CANADA FX DEBT-C$ takes a breather from week's rally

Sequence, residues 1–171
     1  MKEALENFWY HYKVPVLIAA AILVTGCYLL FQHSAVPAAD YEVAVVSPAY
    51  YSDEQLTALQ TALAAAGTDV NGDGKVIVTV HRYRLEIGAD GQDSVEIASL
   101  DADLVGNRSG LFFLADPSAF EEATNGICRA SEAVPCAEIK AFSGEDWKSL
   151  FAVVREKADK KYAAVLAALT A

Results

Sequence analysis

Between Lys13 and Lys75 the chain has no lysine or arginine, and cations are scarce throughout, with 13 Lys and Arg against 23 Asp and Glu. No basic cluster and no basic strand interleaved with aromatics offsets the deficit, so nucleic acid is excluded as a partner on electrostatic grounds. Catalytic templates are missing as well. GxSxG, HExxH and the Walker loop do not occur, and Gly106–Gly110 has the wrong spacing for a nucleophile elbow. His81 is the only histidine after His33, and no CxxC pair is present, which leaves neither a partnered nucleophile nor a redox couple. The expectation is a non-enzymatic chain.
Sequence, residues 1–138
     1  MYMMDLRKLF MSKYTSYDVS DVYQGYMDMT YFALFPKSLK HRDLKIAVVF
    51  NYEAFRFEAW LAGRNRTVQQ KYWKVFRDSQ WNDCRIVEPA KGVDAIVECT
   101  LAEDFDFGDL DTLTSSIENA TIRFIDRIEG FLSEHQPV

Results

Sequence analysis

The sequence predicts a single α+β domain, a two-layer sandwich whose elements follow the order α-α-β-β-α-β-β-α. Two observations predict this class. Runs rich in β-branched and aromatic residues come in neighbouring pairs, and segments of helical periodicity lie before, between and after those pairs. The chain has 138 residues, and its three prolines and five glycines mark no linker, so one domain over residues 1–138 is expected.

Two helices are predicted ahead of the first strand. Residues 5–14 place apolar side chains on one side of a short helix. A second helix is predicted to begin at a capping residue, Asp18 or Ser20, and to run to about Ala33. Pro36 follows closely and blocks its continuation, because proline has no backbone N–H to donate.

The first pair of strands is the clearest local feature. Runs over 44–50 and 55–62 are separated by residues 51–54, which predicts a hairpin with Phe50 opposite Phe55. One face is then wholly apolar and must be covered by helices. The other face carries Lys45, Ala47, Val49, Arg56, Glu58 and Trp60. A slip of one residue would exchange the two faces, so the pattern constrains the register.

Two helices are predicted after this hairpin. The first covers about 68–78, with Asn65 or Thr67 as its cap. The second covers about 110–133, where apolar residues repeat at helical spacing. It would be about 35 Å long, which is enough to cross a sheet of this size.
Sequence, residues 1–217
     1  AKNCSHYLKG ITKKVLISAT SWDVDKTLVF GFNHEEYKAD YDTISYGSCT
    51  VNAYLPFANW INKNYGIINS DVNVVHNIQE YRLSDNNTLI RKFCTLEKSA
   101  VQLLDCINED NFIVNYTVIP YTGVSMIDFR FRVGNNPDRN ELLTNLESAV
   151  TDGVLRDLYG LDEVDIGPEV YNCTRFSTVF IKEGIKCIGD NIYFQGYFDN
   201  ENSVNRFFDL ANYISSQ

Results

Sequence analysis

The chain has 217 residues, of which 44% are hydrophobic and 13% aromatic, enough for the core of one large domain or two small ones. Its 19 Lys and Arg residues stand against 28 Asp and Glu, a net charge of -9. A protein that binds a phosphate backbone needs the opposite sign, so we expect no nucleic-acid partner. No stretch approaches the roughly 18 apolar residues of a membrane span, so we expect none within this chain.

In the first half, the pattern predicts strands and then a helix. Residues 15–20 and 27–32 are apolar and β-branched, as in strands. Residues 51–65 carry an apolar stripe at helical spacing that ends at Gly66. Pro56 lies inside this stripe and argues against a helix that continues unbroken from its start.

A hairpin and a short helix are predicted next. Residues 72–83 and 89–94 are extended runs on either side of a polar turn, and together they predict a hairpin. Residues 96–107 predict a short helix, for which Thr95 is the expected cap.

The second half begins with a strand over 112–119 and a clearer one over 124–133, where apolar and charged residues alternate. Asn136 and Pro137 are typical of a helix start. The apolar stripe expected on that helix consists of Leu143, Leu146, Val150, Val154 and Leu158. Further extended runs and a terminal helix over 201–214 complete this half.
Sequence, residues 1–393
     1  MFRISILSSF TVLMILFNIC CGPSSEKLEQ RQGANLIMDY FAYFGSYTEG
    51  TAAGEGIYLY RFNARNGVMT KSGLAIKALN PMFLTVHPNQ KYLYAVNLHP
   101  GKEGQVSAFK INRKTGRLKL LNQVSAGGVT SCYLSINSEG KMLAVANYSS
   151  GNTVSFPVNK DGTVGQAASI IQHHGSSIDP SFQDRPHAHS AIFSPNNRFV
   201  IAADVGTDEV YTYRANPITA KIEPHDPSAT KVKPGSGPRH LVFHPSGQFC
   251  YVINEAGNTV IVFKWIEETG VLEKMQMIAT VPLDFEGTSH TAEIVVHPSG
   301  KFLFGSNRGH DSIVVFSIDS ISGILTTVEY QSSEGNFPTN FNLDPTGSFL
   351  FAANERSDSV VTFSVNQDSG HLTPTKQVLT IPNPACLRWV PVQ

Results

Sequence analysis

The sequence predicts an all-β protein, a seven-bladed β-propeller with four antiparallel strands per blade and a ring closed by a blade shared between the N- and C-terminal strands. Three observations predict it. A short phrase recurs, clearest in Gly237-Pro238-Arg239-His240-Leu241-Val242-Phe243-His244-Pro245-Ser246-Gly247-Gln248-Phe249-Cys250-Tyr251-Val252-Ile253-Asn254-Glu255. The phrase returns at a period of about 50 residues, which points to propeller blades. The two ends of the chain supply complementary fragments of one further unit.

* Canadian dollar at C$1.1060 or 90.42 U.S. cents * Bond prices mostly higher across maturity curve By Leah Schnurr TORONTO, March 28 (Reuters) - The Canadian dollar softened against the greenback on Friday, taking a breather after this week's strong recovery from the multi-year lows it hit last week, while a lack of domestic economic data provided few catalysts for trade. The loonie fell to a 4-1/2-year low last week, pressured by the Bank of Canada saying it could not rule out an interest rate cut and by a potentially faster timetable for raising rates in the United States. But the currency was able to recoup all those losses this week and some analysts believe the selloff was likely overdone, with Friday's moves a predictable retracement after the rally. "The lack of follow through (is) telling us those positions were a little bit ahead of themselves," said Brad Schruder, director of foreign exchange at BMO Capital Markets. "We're now slowly easing back to let's call it a fair value for USD/CAD, which is probably somewhere around C$1.0950 an C$1.1150." The Canadian dollar, which was underperforming most of its currency counterparts, finished Friday's session at C$1.1060 to the greenback, or 90.42 U.S. cents. This was weaker than Thursday's close of C$1.1032, or 90.65 U.S. cents. Earlier, the currency rose to touch a three-week high of C$1.1001. For the week, the U.S. dollar has depreciated about 1.4 percent against the loonie. After this week's recovery in the loonie, the U.S. dollar-Canadian dollar pairing was starting to look cheap, said Shaun Osborne, chief currency strategist at TD Securities in Toronto. "I'm not sure we're going to go that much lower for now, this is a pretty decent correction in the overall scheme of things," he said. Investors will return next week to a busier calendar of economic data with monthly domestic gross domestic product figures on tap on Monday. Through the week, markets will also take in other reports, culminating in the monthly employment data from Canada and the United States next Friday. "I think it would be fair to say everybody can discount any 'weather effects' - so we'll start to see some normalization, or at least a lack of excuses around why the data is the way it is," said Schruder. "The Canadian economy isn't as bad as these global Canadian dollar bears would have you believe." Schruder expects the loonie to trade between C$1.0925 and C$1.1175 next week, ahead of job figures, barring any surprises. Canadian government bond prices were mostly lower across the maturity curve, with the two-year down 2 Canadian cents to yield 1.076 percent. The benchmark 10-year bond slipped 7 Canadian cents to yield 2.443 percent. (Additional reporting by Solarina Ho; Editing by Peter Galloway and James Dalgleish)
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